by Dennis Crouch
For the past several years, I have been conducting an annual patent law moot court competition at Mizzou. This year – the eighth annual – the case was was captioned as an appeal of a recent dismissal by District Court Judge Indira Talwani in Cardionet, LLC v. Infobionic, Inc., 2018 U.S. Dist. LEXIS 177305, 2018 WL 5017913 (D. Mass October 16, 2018). In her decision, Judge Talwani dismissed the case for failure to state a claim — ruling CardioNet’s heart monitor patent is directed to an abstract idea rather than a patent eligible invention. U.S. Patent Number 7,941,207 (“the ‘207 patent”). The moot court is sponsored by McKool Smith and so the winner receives $1,000.
In the mock appeal, the patentee raises two issues:
- Whether the district court’s opinion should be reversed because the asserted claims are patent eligible; and
- In the alternative, whether the district court’s opinions should be vacated based upon substantial issues of material fact that make a R. 12(b)(6) judgment for failure to state a claim improper.
The patent here covers a device for diagnosing and monitoring heart arrhythmia — particularly atrial fibrillation and atrial flutter. The basic setup uses standard portable-heart-monitor equipment to get ECG signals. With those signals, the patentee measures variability in beat-to-beat timing of the heart and also ventricular-beat timing. Those two measures can be used then to diagnose a-fib while ruling out other arrhythmia. Claim 1:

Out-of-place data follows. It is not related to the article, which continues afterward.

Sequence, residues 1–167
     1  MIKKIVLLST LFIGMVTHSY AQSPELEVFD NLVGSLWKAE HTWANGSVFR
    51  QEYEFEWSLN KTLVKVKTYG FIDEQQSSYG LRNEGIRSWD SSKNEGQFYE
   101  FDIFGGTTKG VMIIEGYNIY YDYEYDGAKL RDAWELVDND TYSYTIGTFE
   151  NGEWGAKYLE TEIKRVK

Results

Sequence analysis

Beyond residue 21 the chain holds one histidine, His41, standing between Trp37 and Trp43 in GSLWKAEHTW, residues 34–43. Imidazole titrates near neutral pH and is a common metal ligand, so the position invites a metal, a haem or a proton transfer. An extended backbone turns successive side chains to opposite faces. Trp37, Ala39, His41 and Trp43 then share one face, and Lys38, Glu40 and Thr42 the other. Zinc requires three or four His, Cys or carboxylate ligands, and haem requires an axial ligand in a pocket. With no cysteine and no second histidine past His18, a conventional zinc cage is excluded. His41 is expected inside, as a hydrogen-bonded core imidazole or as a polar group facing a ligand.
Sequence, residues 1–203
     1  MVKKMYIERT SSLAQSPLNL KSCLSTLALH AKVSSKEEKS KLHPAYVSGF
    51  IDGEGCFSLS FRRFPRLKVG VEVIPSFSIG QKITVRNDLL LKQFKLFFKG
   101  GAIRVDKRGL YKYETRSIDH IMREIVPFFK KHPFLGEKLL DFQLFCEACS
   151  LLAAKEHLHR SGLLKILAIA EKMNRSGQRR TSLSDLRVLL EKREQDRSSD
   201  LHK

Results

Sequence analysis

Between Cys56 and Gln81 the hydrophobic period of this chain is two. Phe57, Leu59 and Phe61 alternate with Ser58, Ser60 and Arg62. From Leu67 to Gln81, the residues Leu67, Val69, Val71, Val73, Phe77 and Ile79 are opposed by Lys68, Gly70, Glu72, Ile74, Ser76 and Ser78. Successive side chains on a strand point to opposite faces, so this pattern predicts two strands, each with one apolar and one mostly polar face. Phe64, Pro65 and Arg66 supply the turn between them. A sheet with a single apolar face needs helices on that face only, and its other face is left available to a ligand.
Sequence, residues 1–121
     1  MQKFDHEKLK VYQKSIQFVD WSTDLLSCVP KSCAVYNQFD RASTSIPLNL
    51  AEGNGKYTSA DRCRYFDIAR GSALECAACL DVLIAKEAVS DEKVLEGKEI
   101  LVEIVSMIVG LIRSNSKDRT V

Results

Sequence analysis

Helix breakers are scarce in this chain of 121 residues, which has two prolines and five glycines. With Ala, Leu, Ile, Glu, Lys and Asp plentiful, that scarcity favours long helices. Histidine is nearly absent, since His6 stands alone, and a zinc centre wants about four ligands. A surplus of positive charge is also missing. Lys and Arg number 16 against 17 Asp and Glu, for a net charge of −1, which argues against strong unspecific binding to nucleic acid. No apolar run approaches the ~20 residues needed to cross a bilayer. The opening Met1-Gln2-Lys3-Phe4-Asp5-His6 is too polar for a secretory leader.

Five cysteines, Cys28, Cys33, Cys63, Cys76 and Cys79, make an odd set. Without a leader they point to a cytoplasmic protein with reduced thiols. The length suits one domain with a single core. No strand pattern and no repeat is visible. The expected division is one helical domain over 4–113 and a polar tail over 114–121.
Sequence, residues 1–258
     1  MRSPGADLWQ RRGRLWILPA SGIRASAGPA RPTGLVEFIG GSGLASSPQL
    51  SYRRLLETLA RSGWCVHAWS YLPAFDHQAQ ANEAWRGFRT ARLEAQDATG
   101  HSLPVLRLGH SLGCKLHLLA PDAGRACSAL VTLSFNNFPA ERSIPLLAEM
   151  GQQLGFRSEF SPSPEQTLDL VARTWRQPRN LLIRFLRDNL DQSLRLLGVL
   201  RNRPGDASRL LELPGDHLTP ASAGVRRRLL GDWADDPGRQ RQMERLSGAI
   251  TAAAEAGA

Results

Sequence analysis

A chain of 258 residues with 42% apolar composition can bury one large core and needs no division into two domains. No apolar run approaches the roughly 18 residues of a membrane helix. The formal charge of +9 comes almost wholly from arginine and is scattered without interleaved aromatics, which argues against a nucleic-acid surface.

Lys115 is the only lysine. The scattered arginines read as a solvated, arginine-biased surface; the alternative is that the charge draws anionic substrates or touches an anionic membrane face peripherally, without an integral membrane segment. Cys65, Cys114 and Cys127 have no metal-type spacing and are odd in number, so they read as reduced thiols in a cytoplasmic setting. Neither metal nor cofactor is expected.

1. A device, comprising:
a beat detector to identify a beat-to-beat timing of cardiac activity;
a ventricular beat detector to identify ventricular beats in the cardiac activity;
variability determination logic to determine a variability in the beat-to-beat timing of a collection of beats;
relevance determination logic to identify a relevance of the variability in the beat-to-beat timing to at least one of atrial fibrillation and atrial flutter; and
an event generator to generate an event when the variability in the beat-to-beat timing is identified as relevant to the at least one of atrial fibrillation and atrial flutter in light of the variability in the beat-to-beat timing caused by ventricular beats identified by the ventricular beat detector.
3. The device of claim 1, wherein the variability determination logic is to compare times between R-waves in three successive QRS complexes to determine the variability in the beat-to-beat timing.
CardioNet sued InfoBionic for infringement in March 2017. Rather than filing an answer, InfoBionic filed a Motion to Dismiss for “failure to meet the pleading standard of Twombly and Iqbal and for patent ineligibility of the ‘207 patent pursuant to § 101.” While the district court was considering the briefed motion, the Federal Circuit decided Aatrix and Berkheimer but did not permit supplemental briefing regarding material facts at issue in the case. The district court then granted the motion to dismiss with prejudice – finding the claims invalid as directed to an abstract idea. The court explained “the innovation of the … patent may be to use computer equipment and logic to monitor the variability of beats, but nothing in these claims places any limitation on that abstract idea.”
I still struggle with failure-to-state-a-claim motions in this particular situation because it confounds the ordinary approach to procedure in federal civil litigation. Namely, in ordinary litigation, the complaint does not need to anticipate defenses (such as invalidity) and plead facts to get around those defenses. Rather, the complaint is where the patentee makes its prima facie case of infringement. That said, the courts are disagreeing, at least de facto.
Question: How would you argue this appeal?
- Lower Court Decision: CardioNet LLC v InfoBionic Inc
CardioNet has filed its notice of appeal, but briefing is not due in the actual case until January 2019.